'Back to basics': Shelburne exhibition gets creative after departure of midway operator

Organizers for the Shelburne County Agricultural Exhibition had to get creative with their events this year after the midway company who sets up the fair rides said they will not be returning.

East Coast Amusements, the midway company, says the event is not large enough to turn a profit, but organizer Debi Hill said there will still be plenty of excitement for all ages.

"I think it's going to be our best year yet. We have so much more than the rides, and the rides weren't making any money here anyway," said Hill.

Hill said there will still be lots for everyone to do, including bouncy castles, inflatable attractions and a Velcro wall.

2-year dispute

This decision follows a two-year conflict between the midway and organizers after the midway would pack up and leave early after people had already bought their bracelets, which cost $22 a person.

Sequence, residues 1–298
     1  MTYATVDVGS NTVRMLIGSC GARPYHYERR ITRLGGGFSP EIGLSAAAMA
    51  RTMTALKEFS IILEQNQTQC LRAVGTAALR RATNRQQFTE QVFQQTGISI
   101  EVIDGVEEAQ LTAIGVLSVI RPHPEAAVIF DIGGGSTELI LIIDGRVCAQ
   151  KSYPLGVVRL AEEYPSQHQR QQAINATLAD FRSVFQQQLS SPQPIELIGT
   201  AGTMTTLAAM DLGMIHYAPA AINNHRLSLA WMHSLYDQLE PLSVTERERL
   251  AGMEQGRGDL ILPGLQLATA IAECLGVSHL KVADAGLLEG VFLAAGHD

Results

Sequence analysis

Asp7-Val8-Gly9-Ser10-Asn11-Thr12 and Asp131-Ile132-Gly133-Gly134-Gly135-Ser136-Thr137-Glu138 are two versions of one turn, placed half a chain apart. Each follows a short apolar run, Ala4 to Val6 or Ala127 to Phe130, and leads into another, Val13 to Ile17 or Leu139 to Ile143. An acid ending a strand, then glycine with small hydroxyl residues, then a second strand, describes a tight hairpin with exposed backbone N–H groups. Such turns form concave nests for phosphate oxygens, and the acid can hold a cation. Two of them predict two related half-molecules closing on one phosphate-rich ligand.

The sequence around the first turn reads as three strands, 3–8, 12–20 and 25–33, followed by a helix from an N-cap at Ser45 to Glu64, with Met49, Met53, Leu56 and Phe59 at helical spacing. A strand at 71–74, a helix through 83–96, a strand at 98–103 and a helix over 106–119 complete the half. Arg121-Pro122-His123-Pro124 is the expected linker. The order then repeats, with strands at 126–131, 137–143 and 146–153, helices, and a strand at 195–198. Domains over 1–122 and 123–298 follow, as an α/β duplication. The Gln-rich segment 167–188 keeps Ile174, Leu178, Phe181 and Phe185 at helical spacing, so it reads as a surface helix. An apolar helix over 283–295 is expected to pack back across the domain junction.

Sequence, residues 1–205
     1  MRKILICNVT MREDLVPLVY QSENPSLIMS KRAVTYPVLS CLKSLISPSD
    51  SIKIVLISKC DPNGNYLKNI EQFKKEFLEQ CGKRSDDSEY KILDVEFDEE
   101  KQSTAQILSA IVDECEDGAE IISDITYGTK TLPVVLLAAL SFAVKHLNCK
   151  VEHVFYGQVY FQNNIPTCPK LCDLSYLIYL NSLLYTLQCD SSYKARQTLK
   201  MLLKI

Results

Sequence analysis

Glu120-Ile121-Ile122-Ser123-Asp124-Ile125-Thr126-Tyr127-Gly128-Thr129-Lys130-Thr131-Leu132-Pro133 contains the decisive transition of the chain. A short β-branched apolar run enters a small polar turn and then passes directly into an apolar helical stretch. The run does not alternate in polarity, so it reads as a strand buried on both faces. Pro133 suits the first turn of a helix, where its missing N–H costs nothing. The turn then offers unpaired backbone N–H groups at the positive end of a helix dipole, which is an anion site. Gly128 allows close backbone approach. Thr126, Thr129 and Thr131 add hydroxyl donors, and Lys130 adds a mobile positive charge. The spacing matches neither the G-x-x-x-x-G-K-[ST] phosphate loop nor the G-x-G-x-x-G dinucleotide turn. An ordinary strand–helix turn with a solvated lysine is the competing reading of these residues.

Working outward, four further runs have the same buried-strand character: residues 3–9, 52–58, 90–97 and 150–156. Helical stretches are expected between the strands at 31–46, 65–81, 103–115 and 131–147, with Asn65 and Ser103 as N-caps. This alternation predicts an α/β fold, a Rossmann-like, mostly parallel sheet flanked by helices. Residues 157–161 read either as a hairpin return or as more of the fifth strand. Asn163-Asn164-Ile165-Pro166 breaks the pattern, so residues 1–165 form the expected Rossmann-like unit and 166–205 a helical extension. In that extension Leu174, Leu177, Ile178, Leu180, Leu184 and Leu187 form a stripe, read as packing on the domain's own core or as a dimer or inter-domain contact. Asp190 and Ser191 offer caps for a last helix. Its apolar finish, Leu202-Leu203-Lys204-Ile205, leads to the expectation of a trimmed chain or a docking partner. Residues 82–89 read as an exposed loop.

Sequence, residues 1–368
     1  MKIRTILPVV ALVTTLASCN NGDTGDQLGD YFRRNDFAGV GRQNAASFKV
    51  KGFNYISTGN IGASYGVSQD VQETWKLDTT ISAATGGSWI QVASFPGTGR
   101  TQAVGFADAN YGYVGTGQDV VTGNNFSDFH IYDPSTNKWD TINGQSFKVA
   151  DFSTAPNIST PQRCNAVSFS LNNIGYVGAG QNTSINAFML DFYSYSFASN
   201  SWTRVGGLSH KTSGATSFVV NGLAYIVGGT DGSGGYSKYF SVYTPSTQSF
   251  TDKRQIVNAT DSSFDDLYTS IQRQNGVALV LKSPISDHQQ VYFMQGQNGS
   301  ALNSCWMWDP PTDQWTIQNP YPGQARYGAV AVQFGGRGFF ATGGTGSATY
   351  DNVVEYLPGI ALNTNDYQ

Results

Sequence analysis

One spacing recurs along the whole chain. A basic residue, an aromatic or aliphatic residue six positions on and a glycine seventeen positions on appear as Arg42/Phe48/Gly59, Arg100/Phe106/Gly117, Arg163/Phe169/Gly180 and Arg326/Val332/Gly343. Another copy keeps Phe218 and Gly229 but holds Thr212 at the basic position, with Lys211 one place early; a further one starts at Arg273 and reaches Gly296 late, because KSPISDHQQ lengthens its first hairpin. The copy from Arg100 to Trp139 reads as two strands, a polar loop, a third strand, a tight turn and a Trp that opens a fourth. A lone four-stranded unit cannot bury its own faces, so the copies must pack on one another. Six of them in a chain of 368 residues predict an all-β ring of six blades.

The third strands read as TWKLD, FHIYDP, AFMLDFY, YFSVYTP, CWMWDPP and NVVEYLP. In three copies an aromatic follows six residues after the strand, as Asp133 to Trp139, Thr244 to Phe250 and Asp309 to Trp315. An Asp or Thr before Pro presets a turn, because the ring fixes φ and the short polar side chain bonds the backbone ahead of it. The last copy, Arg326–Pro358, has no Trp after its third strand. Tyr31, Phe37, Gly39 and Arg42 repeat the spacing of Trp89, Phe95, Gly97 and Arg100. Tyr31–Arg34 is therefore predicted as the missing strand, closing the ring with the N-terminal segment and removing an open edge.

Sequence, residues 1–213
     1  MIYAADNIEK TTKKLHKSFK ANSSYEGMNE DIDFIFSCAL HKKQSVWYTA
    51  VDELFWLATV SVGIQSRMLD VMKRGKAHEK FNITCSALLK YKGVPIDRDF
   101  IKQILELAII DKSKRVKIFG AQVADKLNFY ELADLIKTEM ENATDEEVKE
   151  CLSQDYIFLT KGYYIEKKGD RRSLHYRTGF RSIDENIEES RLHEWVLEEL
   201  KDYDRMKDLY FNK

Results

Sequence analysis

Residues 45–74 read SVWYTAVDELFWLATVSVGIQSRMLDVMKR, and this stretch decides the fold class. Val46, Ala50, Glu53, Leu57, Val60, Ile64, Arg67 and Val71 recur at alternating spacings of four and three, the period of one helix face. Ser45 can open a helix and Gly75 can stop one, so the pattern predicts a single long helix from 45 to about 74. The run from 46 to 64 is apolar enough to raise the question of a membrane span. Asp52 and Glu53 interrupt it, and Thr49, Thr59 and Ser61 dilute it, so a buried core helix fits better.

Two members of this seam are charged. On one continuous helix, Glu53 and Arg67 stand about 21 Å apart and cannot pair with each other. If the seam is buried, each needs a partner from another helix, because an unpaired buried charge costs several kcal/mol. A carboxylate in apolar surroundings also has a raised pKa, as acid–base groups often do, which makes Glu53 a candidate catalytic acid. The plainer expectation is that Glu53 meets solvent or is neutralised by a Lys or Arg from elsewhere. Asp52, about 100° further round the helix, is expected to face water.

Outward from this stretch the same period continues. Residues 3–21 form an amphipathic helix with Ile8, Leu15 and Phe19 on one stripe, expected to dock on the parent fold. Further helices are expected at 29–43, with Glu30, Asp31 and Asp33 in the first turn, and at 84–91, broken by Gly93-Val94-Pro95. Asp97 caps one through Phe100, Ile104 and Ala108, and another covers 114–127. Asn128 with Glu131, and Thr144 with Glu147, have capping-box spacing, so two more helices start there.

"Sometimes they wouldn't start until three in the afternoon," Hill said.

Nathan Smithers, manager for East Coast Amusements, said the exhibition had gotten too small to make a profit. 

"It's not economically feasible," said Smithers. "By the end of the week we weren't making ends meet for paying our staff and our generator fuel."

Community response

Fans of the exhibition are disappointed over the lack of rides this year, but Hill said there has been a lot of great response from the community.

Hill took to the exhibition's Facebook page for ideas to make up for the lack of carnival rides. Suggestions like a Texas hold'em table, pie-eating contests and bobbing for apples filled the comment section.

It "was definitely more positive than negative," said Hill. "We're going back to the basics."

Youth involvement

Organizers saw the lack of rides as an opportunity to offer more interactive events for young people to enjoy.

"The more we thought about it the more we realized it's OK the rides aren't coming," Hill said.

She said there will be some unique attractions designed to get young people engaged in agriculture and farming.

"We do have a farm setting where the kids can go in and interact with the animals there," said Hill. "We have goats and donkeys and ponies and calves."

Organizers are also hoping for the return of a mechanical bull that was a hit last year.

"Grown men who were expert horsemen couldn't ride the thing, but a little girl won it."

The Shelburne County Agricultural Exhibition starts Aug. 8 and runs to Aug. 12.